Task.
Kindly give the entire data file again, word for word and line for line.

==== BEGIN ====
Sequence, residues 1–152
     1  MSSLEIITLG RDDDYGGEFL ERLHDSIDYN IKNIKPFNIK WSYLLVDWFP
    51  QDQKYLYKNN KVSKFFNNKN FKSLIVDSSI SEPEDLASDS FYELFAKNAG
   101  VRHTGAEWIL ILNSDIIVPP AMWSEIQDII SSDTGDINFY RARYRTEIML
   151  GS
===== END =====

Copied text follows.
Sequence, residues 1–152
     1  MSSLEIITLG RDDDYGGEFL ERLHDSIDYN IKNIKPFNIK WSYLLVDWFP
    51  QDQKYLYKNN KVSKFFNNKN FKSLIVDSSI SEPEDLASDS FYELFAKNAG
   101  VRHTGAEWIL ILNSDIIVPP AMWSEIQDII SSDTGDINFY RARYRTEIML
   151  GS